The Texas Transportation Commission has approved a plan to fund the $7.5-billion expansion of Interstate 35 through downtown Austin. Although construction is likely several years away, numerous ideas have already been proposed for accommodating the continued spiraling growth of local and through traffic through the state’s capital, while also eliminating what many perceived as a barrier that has long isolated many of the city’s minority neighborhoods.
Spurred in large part by a growing technology industry, metropolitan Austin’s population has soared in recent years to surpass 2 million residents. However, I-35 was last modified in the 1970s with the addition of upper-deck travel lanes in the downtown area. As a result, the highway regularly bogs down with more than 200,000 vehicles a day. Forecasts call for that volume to increase by another 116,000 vehicles over the next 20 years.
At the same time, I-35 and its predecessor highways have preserved the segregation-era separation of East Austin’s largely black and Latino neighborhoods. Some areas along Sixth Street and other major thoroughfares that cross beneath I-35 have seen redevelopment in the form of new residential complexes and entertainment offerings.
Eying a potential five-year construction phase beginning in 2025, Texas Dept. of Transportation plans an extensive public input program to shape a design for the revamped highway. And there is no shortage of ideas.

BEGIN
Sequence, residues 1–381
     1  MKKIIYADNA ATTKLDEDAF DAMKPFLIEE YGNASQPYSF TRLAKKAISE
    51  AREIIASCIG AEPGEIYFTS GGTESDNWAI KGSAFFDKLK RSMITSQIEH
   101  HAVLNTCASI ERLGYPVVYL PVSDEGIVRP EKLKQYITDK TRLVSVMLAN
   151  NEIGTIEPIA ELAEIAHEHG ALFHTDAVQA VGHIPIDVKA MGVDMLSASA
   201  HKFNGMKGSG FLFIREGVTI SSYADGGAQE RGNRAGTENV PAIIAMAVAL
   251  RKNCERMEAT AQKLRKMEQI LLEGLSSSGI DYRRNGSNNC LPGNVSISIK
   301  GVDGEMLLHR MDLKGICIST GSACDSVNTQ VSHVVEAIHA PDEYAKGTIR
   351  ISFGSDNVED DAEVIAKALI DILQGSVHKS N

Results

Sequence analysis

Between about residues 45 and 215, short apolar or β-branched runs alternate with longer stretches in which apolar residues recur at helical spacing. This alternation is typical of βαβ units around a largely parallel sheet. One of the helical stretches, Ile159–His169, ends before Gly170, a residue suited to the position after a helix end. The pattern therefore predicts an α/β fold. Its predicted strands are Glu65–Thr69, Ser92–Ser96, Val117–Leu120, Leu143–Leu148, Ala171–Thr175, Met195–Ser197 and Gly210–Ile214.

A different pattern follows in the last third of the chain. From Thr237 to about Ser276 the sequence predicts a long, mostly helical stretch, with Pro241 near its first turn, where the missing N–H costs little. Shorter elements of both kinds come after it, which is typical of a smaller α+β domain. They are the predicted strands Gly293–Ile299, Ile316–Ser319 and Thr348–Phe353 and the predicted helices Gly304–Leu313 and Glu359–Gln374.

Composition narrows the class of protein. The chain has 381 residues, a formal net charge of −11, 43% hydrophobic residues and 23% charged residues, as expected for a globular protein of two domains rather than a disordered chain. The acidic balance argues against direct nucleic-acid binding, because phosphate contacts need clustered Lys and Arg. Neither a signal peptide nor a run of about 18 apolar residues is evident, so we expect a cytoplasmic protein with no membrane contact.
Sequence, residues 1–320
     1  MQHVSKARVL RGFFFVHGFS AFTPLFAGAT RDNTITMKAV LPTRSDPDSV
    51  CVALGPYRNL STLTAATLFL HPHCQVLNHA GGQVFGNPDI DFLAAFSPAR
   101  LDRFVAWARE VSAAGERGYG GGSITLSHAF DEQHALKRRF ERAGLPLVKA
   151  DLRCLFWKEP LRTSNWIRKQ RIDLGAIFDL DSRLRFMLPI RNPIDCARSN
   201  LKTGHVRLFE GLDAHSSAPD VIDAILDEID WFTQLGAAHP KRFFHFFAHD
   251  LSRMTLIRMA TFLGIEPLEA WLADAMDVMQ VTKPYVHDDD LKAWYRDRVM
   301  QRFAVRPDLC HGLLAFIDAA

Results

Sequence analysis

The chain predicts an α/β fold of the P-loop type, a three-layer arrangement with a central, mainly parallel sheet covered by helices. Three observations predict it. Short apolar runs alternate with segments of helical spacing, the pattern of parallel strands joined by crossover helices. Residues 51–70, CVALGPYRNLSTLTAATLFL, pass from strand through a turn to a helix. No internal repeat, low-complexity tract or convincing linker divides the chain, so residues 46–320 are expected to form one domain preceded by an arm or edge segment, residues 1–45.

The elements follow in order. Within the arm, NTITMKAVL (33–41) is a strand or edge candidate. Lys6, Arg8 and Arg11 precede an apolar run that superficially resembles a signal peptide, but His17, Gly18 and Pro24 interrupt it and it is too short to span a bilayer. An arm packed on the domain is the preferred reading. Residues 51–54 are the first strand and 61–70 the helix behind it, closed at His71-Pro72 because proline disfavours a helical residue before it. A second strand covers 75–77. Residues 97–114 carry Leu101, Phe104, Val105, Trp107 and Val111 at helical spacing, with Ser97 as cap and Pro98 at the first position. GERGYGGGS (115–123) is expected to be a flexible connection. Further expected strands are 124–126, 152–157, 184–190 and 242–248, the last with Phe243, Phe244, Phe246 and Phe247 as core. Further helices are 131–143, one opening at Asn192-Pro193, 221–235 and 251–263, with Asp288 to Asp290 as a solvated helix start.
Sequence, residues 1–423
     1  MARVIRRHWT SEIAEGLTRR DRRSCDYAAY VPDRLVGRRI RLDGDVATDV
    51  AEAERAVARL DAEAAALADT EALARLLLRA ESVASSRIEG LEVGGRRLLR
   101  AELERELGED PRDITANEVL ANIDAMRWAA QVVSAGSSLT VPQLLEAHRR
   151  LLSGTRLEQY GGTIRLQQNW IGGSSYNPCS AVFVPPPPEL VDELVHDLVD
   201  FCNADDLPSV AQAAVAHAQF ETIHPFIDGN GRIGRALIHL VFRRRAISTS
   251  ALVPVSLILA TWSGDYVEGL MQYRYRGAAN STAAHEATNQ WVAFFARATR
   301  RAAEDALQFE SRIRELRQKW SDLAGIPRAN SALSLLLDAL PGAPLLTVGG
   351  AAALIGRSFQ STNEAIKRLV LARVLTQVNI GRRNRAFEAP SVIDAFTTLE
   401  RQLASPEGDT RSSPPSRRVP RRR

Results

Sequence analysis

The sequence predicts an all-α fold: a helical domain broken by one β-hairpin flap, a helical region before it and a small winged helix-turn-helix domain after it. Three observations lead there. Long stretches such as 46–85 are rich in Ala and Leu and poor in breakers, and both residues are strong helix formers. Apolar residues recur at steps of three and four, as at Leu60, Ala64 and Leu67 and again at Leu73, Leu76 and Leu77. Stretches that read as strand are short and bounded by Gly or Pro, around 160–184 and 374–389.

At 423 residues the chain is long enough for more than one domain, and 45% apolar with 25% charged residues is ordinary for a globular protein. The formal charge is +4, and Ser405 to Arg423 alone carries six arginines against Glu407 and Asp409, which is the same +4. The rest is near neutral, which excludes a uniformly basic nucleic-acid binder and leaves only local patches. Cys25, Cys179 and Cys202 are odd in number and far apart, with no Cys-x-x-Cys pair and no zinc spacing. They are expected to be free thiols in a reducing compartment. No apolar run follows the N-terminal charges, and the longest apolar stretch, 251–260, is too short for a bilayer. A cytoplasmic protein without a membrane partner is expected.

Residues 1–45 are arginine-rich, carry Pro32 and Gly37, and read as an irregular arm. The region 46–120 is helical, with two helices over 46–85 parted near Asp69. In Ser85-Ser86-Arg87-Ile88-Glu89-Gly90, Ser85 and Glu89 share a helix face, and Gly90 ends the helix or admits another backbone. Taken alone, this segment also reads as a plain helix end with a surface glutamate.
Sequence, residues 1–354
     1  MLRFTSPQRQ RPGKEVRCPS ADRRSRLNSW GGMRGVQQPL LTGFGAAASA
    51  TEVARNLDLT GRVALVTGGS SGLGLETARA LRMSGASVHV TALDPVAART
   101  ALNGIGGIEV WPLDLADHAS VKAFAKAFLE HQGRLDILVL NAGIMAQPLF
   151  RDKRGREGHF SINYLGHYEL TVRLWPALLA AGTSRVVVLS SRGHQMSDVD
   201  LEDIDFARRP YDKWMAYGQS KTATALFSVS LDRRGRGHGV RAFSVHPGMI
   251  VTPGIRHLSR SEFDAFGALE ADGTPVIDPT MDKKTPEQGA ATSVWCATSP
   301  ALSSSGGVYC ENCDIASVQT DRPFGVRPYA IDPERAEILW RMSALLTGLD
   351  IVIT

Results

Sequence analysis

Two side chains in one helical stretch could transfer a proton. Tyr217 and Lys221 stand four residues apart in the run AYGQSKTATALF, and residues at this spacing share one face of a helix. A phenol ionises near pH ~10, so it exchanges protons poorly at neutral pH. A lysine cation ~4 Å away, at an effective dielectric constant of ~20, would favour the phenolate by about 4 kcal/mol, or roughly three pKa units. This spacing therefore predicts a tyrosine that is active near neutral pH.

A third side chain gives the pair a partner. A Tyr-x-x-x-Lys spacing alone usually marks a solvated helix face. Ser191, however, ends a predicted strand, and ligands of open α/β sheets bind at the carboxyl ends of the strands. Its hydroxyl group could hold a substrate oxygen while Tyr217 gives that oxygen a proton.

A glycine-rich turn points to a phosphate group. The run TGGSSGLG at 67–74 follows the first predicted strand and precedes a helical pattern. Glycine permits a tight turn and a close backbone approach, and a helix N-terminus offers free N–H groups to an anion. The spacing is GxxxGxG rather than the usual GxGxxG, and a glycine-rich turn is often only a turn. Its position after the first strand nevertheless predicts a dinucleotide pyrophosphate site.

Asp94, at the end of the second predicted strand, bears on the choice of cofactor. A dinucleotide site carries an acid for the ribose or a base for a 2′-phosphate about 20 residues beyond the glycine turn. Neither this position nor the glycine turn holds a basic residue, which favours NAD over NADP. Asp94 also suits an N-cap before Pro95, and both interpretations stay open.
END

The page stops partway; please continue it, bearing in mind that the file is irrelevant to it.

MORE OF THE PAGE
Concepts for expanding I-35 released last year augmented the existing roadway with non-tolled managed lanes reserved for high-occupancy vehicles. Others, including a recently convened Urban Land Institute panel, have suggested rebuilding the highway underground, and adding caps to create space for parks and other amenities. Such an approach that would likely require additional funding as well as revisions to the interstate’s existing connections to city landmarks such as the University of Texas, the popular Sixth Street entertainment corridor, the Austin Convention Center and downtown business and government offices.
The city is also pursuing a multi-billion transit plan called Project Connect that includes expansion of an existing urban rail system.